Those first images of the survivors from Friday's rampage on an elementary school in Connecticut said it all. A line of terrified 5-, 6- and 7-year-olds, some sobbing, some clutching a classmate's hand, rushed from a school where a gunman had shot and killed 20 children and six adults.
This is where the nation's gun problem stands at the close of 2012. It's not just high schools, or shopping malls, or workplaces. Now the targets are the most vulnerable among us, our children. The senselessness of random, illogical terror has visited in the classroom door in ways not seen before in this country.
It's time to talk solutions.
Let's hope there's no repeat of what usually happens after these tragedies. That is, once the initial shock and horror has settled, a trite, short-lived dialogue begins. Certain groups will call for gun control enhancements or a renewal of the federal assault weapons ban, and the gun lobby and gun owners will respond with the same old platitudes: Guns don't kill people; people kill people.
If it's just people that kill people, does that mean Americans are especially awful? How else can we explain why the U.S. has a homicide rate nearly seven times higher than other nations. Or that among the two dozen most populous, high-income nations in the world, 80 percent of firearms deaths happen in the United States.
Yes, mental illness and family breakdown are undoubtedly part of the problem. Perhaps, too, we can blame the violence rampant in movies and video games. But there is no denying that the ease of access to guns, incredibly powerful and dangerous guns, plays a major role in these tragedies.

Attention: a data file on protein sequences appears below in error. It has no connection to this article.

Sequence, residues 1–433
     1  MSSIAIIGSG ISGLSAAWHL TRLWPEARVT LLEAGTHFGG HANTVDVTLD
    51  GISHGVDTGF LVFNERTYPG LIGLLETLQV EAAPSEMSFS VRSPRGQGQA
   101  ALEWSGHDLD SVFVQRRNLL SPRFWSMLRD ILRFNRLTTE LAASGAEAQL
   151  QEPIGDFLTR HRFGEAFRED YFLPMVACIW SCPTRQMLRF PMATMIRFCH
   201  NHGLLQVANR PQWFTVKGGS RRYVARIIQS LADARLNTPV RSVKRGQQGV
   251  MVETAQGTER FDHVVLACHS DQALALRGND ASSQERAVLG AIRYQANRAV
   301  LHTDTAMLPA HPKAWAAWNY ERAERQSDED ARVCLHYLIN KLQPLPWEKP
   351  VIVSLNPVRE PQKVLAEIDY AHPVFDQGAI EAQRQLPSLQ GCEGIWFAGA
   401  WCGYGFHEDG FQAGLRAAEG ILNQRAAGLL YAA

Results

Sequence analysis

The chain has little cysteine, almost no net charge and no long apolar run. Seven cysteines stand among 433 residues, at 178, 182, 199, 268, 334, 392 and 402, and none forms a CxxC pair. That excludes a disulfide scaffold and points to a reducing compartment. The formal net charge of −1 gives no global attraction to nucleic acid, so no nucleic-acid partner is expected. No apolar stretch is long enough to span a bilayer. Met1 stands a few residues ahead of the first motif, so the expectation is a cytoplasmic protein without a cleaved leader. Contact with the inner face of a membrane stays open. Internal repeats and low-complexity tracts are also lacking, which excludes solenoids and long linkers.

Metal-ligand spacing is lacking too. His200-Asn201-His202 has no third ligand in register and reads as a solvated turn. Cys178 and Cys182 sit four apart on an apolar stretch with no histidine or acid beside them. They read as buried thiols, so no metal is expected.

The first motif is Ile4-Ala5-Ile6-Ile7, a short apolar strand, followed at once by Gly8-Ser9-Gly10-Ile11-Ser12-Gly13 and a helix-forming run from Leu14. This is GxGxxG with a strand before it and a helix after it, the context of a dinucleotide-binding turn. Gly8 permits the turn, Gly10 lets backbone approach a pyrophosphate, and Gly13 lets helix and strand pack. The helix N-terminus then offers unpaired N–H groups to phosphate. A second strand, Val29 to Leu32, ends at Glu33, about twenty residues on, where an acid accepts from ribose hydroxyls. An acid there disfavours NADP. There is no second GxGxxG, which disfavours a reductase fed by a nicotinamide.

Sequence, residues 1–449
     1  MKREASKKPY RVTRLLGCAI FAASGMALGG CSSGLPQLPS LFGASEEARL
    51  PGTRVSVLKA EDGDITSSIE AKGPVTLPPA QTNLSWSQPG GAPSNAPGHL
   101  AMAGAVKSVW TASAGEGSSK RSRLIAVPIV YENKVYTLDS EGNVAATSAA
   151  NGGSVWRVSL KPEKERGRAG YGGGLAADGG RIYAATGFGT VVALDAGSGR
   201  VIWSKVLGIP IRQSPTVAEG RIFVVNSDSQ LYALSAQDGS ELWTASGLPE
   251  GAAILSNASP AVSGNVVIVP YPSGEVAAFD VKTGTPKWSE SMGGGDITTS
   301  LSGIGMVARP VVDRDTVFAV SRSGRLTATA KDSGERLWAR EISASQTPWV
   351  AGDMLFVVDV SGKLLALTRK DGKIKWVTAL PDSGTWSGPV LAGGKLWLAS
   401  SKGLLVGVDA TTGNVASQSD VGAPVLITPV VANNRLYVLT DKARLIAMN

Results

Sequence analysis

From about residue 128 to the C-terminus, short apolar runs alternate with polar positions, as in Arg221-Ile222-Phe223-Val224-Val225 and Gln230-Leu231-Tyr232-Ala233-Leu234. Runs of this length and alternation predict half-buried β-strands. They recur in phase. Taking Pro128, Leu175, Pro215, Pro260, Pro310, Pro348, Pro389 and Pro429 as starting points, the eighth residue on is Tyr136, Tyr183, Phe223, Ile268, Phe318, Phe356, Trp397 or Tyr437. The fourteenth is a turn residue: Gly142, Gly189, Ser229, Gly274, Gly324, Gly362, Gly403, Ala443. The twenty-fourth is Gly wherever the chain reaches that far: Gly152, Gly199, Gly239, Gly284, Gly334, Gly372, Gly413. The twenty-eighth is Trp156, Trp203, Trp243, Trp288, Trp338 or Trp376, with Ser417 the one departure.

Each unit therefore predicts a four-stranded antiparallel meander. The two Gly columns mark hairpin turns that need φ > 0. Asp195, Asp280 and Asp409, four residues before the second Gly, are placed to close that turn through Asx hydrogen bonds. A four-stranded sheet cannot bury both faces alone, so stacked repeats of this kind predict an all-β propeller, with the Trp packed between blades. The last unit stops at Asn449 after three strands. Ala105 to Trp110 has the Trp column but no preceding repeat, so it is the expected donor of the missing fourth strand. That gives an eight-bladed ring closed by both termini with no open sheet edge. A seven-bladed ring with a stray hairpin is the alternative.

Research has shown that shootings like the one in Connecticut are not simply random acts by psychotic individuals who one day finally snap.
"Contrary to popular belief that these are guys who go berserk, they tend to be well-planned executions. They plan what they are going to wear and what weapons to bring," James Alan Fox, a professor at Northeastern University and an expert in mass shootings, told The Washington Post in July, following the murders in Aurora, Colo.
Early reports indicated the Connecticut shooter, Adam Lanza, was dressed in black and military fatigues and had three guns: two semi-automatic pistols, a Glock and a Sig Sauer, and a .223 Bushmaster semi-automatic rifle, an inexpensive civilian version of the M-16. Even if the shooter turns out to be mentally ill, he had the capacity to select high-powered, easy-to-use guns to maximize the damage he inflicted in that elementary classroom.
In emotional remarks Friday, President Obama referenced possible action on gun control. "We're going to have to come together to take meaningful action to prevent tragedies like this," he said. Congress and the president have hid behind tepid remarks like these before. Hopefully, 20 dead elementary school kids will compel them to act.
Until then, we, and the parents of the dead, will wonder if this tragedy could have been prevented had more sane laws been in place that made it harder for the shooter to get his hands on those weapons.